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Body compensations

To treat or not to treat?

This topic I find the most difficult / tricky to communicate to owners or teach to students and is often a huge topic for debate.

Compensations are in every single person and animal’s body, if you lined up ten horses in a row and they all presented with a similar subjective static assessment, the reality is that they would all have different patterns of compensation.

As a bodyworker I believe that removing all the areas of compensation in one treatment is not always the goal. In some cases less is more…

Our horses bodies all have this innate ability to heal themselves, they need this in order to survive! If I treat every area of compensation, I can override the body’s natural ability and systems to self heal.

Compensation is a coping mechanism that is a natural response by the body to adapt to the environment in which it is being exposed to. People often ask me to “fix” or “realign” their horse’s pelvis or spine and treat all the compensations associated with these areas of dysfunction. My question is always why.

Why is the pelvis “out of alignment?”

Why are these compensations there?

The body is very clever at creating these patterns of compensation to protect itself and help it cope with the demands that are being placed on it.

I am always asking myself:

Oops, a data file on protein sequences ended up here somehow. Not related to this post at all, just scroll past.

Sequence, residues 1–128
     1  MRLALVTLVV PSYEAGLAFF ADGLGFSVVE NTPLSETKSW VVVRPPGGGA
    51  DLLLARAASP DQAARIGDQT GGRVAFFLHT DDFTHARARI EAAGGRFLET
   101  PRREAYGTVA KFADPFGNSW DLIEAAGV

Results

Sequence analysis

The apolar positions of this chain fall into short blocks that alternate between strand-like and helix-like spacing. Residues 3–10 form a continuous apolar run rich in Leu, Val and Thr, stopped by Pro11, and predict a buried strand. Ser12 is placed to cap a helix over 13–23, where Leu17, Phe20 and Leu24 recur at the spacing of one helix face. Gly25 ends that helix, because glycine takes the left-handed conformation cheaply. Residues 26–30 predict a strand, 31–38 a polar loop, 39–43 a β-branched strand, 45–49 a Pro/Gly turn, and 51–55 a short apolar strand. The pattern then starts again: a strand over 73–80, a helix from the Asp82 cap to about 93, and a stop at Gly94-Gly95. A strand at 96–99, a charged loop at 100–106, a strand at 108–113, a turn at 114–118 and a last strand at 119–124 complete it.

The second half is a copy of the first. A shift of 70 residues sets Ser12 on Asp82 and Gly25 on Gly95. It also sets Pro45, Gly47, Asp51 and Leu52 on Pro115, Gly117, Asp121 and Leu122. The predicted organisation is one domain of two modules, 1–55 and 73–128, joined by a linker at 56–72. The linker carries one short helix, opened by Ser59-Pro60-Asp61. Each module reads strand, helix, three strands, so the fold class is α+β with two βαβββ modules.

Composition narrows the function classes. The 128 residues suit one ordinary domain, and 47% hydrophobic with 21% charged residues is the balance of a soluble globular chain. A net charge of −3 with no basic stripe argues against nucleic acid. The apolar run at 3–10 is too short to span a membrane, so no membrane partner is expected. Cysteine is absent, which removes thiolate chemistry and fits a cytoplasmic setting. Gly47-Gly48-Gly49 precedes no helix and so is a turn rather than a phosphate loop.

“Why is the body compensating?”

When I apply any form of therapy to the body it is to help the body self heal and another way of moving. If the source of pain or cause of the pain has not been addressed and understood, in some cases the body and all it’s compensations may be better left alone and that offering short amounts of therapy many be a better solution.

When I talk about “less is more”, in some cases if I offer to treat the entire body and aim to remove each compensation, this could overload the body and potentially lead to more dysfunction. As a therapist it is our responsibility to understand the body, appreciate when to back off and let the body figure out what is next.

Having the awareness and understanding of compensations in the body, helps me clarify when to treat and when not to treat. Some compensation patterns actually support function and movement.

If you have any questions, please do not hesitate to contact me:

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